Benchmarks ended in the red once again yesterday, hurt by mixed economic numbers. The third-straight decline for S&P 500 meant this was the index’s worst start to any year in about 10 years. Service sector data indicated a slowdown, while new orders for factory goods improved. Among the sectors, technology and consumer discretionary were among the biggest laggards, while financials had a good run.
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The Dow Jones Industrial Average (DJI) dropped 0.3% to close at 16,425.10. The Standard & Poor 500 (S&P 500) too dropped 0.3% and ended yesterday’s trading session at 1,826.77. The tech-laden Nasdaq Composite Index incurred maximum losses as it ended 0.4% lower at 4,113.68. However, the fear-gauge CBOE Volatility Index (VIX) declined 1.5% to 13.55. Volumes were at 5.44 billion shares on the US exchanges. Advancers were outpaced by decliners on the New York Stock Exchange; as for 45% stocks that gained, 53% ended in the red.
The day’s action was dominated primarily by mixed economic data. The slowdown in the US services sector and a rebound in new orders for factory goods dampened investor sentiment. Eventually, the S&P 500 suffered its third-straight loss and had the worst start to a year since 2005. In fact in that year, the S&P 500 had ended with a meager 3% annual gain. The S&P 500 has so far dropped 1.2% this year, and the Dow and Nasdaq are down 0.9% and 1.5%, respectively. However, both the blue-chip index and S&P 500 are still above their 200-day moving averages.
Coming back to economic data, the Institute of Supply Management reported that its non-manufacturing index dropped 0.9 percentage point from November to 53% in December. The reading compared unfavorably to consensus estimates of a climb to 55.2. Moreover, the Non-Manufacturing Business Activity Index dropped 0.3 percentage point from November to 55.2% in December and the New Orders Index showed a contraction as it dropped 7 percentage points to 49.4. This was the first contraction in New Orders Index after 52 months of growth.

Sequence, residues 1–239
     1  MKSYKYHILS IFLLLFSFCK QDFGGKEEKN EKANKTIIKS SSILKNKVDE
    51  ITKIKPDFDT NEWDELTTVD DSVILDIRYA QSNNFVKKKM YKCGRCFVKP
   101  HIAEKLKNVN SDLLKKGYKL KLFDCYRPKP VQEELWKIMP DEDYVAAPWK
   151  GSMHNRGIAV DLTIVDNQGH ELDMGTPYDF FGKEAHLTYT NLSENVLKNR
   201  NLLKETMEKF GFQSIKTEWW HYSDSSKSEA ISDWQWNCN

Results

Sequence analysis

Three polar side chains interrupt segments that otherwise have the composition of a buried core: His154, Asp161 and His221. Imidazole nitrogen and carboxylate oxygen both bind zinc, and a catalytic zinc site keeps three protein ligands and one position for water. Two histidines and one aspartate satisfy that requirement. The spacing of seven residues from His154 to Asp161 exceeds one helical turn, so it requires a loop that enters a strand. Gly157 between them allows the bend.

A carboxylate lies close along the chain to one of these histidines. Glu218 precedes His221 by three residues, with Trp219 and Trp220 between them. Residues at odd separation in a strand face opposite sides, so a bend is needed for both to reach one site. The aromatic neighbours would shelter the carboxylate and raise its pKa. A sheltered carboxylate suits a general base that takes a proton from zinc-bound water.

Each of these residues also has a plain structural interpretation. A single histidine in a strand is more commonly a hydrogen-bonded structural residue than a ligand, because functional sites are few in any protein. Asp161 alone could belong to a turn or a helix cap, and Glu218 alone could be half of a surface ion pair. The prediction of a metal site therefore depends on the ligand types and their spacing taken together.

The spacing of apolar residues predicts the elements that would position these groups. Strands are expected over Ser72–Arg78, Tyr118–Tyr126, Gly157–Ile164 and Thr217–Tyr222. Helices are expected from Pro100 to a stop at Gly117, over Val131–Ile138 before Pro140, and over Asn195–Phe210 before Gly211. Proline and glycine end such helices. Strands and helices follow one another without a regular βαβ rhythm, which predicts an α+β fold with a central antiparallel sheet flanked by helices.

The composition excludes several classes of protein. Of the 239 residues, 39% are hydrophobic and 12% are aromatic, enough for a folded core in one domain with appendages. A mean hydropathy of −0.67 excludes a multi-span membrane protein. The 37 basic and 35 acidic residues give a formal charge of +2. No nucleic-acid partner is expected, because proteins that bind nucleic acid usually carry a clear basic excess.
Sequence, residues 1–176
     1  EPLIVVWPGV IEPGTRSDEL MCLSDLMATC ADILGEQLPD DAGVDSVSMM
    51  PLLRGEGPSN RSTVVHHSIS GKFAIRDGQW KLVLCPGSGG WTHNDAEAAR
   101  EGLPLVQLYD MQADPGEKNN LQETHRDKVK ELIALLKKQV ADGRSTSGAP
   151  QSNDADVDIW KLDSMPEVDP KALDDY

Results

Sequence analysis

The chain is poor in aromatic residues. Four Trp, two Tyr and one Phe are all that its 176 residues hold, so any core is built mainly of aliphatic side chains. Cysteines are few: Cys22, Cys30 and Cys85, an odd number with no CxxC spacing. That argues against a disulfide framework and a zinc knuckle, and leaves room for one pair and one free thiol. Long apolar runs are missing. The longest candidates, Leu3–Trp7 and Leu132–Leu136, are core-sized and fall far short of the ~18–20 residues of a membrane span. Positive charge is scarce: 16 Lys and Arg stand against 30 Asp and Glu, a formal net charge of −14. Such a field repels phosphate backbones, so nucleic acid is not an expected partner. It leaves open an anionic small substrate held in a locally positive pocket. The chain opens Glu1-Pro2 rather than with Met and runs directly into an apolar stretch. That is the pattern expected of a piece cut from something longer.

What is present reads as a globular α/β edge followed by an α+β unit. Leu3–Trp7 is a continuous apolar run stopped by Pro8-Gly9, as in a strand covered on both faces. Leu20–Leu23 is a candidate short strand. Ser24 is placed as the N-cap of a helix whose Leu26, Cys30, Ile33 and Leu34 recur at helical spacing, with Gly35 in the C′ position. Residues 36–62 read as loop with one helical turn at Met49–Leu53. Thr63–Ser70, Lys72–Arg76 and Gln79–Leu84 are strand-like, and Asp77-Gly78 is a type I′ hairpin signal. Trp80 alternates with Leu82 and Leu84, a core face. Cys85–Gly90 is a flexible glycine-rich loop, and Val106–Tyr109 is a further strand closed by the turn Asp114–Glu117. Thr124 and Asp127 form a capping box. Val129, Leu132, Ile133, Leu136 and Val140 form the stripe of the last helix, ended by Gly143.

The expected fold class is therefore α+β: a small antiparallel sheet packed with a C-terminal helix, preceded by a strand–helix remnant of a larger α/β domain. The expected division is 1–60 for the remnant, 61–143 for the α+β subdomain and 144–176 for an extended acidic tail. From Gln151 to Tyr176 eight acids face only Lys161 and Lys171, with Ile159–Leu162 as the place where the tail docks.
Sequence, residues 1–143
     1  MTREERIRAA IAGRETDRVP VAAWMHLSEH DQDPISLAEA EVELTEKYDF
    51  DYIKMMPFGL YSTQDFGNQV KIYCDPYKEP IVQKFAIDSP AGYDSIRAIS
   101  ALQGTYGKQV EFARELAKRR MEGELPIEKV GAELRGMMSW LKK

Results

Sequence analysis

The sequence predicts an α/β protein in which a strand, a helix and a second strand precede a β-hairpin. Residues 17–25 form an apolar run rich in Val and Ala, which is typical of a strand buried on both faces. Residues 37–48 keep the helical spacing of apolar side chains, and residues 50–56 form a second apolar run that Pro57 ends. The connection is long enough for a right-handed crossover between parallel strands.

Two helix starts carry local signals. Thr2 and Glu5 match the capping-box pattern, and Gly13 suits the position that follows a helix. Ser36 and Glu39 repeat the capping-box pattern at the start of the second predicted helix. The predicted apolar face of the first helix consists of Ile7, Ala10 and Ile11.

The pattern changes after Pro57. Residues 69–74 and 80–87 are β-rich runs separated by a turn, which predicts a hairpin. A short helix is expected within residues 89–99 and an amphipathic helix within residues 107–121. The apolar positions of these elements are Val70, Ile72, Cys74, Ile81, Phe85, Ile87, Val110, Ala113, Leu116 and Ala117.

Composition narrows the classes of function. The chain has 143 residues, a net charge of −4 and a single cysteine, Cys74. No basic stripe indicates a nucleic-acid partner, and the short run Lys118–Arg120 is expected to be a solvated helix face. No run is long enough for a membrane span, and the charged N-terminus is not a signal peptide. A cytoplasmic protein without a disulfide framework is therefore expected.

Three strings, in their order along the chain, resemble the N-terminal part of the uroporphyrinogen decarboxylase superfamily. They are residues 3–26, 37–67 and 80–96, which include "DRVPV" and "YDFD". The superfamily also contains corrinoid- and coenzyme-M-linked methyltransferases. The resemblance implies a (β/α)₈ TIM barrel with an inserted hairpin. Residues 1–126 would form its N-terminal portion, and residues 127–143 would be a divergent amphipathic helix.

However, the U.S. Census Bureau reported that the new orders for manufactured goods had gained 1.8% in November to $497.9 billion. This jump outpaced consensus estimates of a gain of 1.6% and also helped the data to climb to its highest level since it was published for the first time on a NAICS basis in 1992. Also, the new orders rebounded from the 0.5% drop in October. This comes after the ISM had reported last week that the New Orders Index had improved to its best reading since Apr 2010 when it gained 0.6 percentage point to 64.2 in December.
Looking at the sector-wise performances, the Technology Select Sector SPDR (XLK) dropped 0.2%. Tech stocks such as International Business Machines Corp. (NYSE:IBM), Oracle Corporation (NYSE:ORCL), Microsoft Corporation (NASDAQ:MSFT) and Hewlett-Packard Company (NYSE:HPQ) dropped 0.3%, 0.4%, 2.1% and 0.2%, respectively. Consumer Discret Select Sector SPDR (XLY) was also a major loser as it ended 0.6% lower. Among the stocks, The Home Depot, Inc. (NYSE:HD), McDonald’s Corporation (NYSE:MCD), Starbucks Corporation (NASDAQ:SBUX) and Time Warner Inc (NYSE:TWX) dropped 1.0%, 0.7%, 1.0% and 0.7%, respectively.
Financials however had a positive finish and the Financial Select Sector SPDR (XLF) rose 0.1%. Among the financial stocks Goldman Sachs Group Inc (NYSE:GS), Morgan Stanley (NYSE:MS), Citigroup Inc (NYSE:C), U.S. Bancorp (NYSE:USB) and JPMorgan Chase & Co. (NYSE:JPM) gained 0.7%, 0.4%, 0.8%, 1.3% and 0.6%, respectively.